11 Books to Nurture Your Child’s Love of Poetry at Any Age

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I am a lover of words. I always have been, since I was nine and overjoyed that my parents bought me a typewriter for my birthday. This love continued through high school where I filled countless composition books with my teenage poetry. And once I hit college, I tried putting some of my words to music using my guitar. So when I was pregnant with my first child and my fellow teachers threw me a baby shower, it should come as no surprise that one of my favorite gifts was not the super-cute outfits, but a book, Treasury of Children’s Poetry

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Forget the cutesy outfits, my favorite baby shower gift was a book of children’s poetry.
Lover of words that I am, poetry is my favorite kind of writing. When I was teaching, I looked forward all year to the three weeks I would spend on poetry, trying to share my love of words with my students who were learning English as a second or third language. Now that I am homeschooling my children, this is something we dive into on a regular basis. But I didn’t wait until my daughter was school-age to introduce her to this genre, and you don’t need to either. Here are just a few of the resources we used, are using, and will use to give our children the gift of poetry.

Our Family Favorite Poetry Books (for different age groups)

For Newborns and Toddlers

Twinkle, Twinkle, Little Star and other favorite bedtime rhymes was one of the first we loved, from the time our daughter was a young toddler. It is a sturdy board book with simple, familiar rhymes such as “Twinkle, Twinkle” and “Hush, Little Baby”. Daddy’s Home! by Rosanne Parry and God Bless Me by Helen Haidle were two other early favorites for the toddler years.

Of course, for poetry and word play, who can ignore Dr. Seuss? Mr. Brown Can Moo! Can You? is just one that we have enjoyed.

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For Preschoolers and Early Grade School

Really Wooly Bible Stories by Bonnie Rickner Jensen has been a fun book to share with our children. The writer has taken major Bible characters such as Noah and Abraham and put their stories to rhyme in a way that is very faithful to the Scriptures.

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Also along those lines, there are two series we have really enjoyed. Little Blessings is a series of books by Kathleen Long Bostrom that ask questions such as What is God Like?, Are Angels Real?, and What is Prayer? and gives the answers in delightful poems, accompanied by fun and whimsical illustrations. My daughter has enjoyed them since she was a preschooler.

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For Elementary School

Now that she is older, we are enjoying a different series, Heroes for Young Readers published by YWAM Publishers that puts the lives of notable individuals such as Gladys Aylward, Jim Elliott, Eric Liddell (of Chariots of Fire fame), and Corrie ten Boom into rhyme.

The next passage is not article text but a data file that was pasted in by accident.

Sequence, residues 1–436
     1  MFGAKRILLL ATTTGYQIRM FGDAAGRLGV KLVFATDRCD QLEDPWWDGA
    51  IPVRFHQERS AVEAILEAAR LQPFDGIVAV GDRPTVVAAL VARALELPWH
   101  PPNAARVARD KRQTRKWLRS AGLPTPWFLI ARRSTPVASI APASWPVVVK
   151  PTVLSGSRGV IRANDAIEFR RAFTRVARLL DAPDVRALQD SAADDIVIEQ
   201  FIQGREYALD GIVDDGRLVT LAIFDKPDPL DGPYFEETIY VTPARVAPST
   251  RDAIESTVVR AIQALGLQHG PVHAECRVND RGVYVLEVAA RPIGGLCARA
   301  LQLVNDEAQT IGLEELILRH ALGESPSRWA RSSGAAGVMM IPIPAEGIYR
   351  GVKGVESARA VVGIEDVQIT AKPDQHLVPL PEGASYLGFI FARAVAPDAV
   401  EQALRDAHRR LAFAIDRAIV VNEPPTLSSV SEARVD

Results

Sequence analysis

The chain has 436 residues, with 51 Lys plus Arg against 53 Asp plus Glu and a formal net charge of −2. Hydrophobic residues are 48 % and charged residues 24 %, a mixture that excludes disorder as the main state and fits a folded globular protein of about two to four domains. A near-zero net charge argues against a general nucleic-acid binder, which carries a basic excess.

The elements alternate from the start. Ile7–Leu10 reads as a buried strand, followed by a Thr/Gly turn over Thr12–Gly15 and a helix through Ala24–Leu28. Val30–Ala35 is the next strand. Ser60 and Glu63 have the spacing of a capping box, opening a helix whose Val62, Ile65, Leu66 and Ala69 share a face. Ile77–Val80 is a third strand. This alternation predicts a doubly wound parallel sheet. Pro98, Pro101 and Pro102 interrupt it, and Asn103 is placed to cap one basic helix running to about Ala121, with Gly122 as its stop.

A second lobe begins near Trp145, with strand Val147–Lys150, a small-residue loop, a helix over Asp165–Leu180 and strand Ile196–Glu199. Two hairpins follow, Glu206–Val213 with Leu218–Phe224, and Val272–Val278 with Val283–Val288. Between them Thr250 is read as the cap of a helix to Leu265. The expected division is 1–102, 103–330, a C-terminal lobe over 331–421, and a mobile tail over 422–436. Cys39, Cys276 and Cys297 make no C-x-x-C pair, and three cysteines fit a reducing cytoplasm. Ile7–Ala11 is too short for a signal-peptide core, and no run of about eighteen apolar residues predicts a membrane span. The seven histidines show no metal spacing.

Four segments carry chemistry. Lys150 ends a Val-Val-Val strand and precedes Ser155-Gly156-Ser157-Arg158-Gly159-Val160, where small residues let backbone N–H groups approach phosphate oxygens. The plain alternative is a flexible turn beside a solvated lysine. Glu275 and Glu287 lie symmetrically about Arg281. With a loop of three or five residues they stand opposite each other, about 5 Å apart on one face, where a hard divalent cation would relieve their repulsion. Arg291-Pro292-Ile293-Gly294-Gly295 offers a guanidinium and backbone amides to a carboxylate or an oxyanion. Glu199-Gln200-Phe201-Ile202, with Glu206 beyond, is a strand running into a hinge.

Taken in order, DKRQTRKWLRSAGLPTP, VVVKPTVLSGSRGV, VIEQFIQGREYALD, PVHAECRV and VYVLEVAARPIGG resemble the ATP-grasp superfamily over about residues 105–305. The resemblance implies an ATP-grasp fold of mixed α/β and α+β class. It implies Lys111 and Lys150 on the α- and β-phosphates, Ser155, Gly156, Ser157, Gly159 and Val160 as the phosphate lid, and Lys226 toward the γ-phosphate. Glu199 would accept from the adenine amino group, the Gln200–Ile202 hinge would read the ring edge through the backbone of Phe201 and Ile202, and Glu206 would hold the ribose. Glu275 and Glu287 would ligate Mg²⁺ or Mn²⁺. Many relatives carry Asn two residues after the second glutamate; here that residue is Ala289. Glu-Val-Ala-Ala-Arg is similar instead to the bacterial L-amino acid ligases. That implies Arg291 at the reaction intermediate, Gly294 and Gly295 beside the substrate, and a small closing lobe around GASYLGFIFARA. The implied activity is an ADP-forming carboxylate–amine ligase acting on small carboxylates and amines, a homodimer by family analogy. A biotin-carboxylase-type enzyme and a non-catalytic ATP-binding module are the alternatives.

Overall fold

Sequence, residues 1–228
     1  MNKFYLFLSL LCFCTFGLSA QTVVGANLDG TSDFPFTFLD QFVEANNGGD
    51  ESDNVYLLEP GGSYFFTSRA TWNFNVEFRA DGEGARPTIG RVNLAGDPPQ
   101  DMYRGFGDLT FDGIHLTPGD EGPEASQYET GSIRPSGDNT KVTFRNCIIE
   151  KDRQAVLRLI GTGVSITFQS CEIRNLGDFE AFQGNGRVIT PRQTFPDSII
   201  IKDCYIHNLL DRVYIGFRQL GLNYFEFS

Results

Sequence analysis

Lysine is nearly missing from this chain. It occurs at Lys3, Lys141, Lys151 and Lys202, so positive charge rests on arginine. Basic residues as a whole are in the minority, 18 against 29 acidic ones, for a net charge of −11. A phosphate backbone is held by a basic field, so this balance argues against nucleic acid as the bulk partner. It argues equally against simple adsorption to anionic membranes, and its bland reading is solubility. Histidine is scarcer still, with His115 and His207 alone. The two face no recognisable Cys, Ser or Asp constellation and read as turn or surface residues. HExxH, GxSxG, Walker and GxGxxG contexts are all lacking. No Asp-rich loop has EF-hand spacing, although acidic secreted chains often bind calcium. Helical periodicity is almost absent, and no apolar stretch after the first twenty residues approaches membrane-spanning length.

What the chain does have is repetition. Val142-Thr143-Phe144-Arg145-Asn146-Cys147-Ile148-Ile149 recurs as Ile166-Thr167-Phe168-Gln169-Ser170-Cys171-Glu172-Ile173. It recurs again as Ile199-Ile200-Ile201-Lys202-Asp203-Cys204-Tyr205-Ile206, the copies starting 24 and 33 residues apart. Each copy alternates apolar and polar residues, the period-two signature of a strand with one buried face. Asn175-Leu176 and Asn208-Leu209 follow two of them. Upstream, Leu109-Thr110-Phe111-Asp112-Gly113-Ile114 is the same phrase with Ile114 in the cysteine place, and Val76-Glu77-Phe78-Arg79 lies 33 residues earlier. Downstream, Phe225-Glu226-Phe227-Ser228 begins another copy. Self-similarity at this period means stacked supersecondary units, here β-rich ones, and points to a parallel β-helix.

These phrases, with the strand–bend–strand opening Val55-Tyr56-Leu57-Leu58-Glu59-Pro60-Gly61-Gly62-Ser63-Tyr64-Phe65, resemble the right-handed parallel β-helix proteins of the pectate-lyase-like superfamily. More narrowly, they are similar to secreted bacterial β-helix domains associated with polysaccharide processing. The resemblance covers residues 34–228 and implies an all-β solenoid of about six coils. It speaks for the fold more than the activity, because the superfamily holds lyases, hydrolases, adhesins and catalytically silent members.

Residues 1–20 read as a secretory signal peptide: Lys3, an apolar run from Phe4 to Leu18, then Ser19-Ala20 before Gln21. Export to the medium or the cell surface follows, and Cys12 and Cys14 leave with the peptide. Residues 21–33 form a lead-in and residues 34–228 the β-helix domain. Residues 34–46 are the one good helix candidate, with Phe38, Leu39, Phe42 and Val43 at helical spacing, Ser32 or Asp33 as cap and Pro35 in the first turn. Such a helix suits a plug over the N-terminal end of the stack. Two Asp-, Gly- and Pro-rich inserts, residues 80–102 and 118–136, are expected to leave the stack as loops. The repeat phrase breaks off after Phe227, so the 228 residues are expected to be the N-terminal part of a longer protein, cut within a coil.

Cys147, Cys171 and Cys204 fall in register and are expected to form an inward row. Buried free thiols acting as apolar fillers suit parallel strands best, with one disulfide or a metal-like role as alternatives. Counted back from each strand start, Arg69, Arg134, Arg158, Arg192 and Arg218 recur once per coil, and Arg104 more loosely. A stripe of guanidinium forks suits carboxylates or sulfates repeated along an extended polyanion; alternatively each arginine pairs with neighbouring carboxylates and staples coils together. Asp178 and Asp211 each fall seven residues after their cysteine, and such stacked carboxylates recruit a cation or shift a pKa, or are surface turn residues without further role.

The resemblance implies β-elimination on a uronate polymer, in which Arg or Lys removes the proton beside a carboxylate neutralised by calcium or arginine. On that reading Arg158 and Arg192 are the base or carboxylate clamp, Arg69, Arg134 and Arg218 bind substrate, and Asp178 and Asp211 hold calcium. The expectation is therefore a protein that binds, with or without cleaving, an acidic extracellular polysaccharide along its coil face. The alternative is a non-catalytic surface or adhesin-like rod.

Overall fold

heros for young readers

Another resource I have from my years of teaching is Evan Moor’s Read and Understand Poetry. This is a reproducible series for different grade levels that include excellent examples of poetry of all kinds and from all cultures. It teaches about different aspects of poetry (onomatopoeia, for example!), but it also simply contains some beautiful poems to read together.

An additional poetry book I happened upon in a small bookstore is My Name is Jorge On Both Sides of the River by Jane Medina. Written in both English and Spanish, it is the poem-story of a boy from Mexico who comes to America, attends school, learns English, and eventually returns to his home. It is poignant, touching, and very close to my heart from working with English language learners through the years.

my name is jorgeFor All Ages

Of course, poetry is not only about rhyming! As I show my daughter more about the different kinds of poetry, I want to share the book Fly With Poetry: An ABC of Poetry with her. Written and illustrated by Avis Harley, this book uses the alphabet to share different kinds of poetry (“C” for “Cinquain”, “H” for “Haiku”) and then gives an original, fun example of each one.

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Treasury of Children’s Poetryedited by Alison Sageis the book I received at my baby shower. I absolutely love it. Over 300 pages of poetry and beautiful illustrations, from nursery rhymes to classics, from Shel Silverstein to Langston Hughes.

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I could go on and on! The world of children’s literature is filled with wonderful examples of poetry that we can read to our children, help them read for themselves, encourage them to memorize, and let them enjoy. 

What poetry books do you enjoy sharing with your children?

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Kristi is a pastor’s wife, mother, writer, and former public school teacher for English for Speakers of Other Languages. She grew up all over the United States as an Air Force brat, but moved to Columbia in the 1990s to attend Columbia International University, and has called the Midlands “home” ever since. Her days are kept full with the antics and activities of her children - homeschooling, church activities, American Heritage Girls, and Trail Life - as well as writing and leading her Columbia-based pregnancy loss ministry, Naomi’s Circle. Kristi is a contributing editor for “Rainbows and Redemption: Encouragement for the Journey of Pregnancy After Loss” (www.rainbowsandredemption.weebly.com) and a co-author of “Sunshine After the Storm: A Survival Guide for the Grieving Mother“ (sunshineafterstorm.us). She shares her thoughts about faith, family, and femininity on her blog, This Side of Heaven (www.thissideofheavenblog.com).

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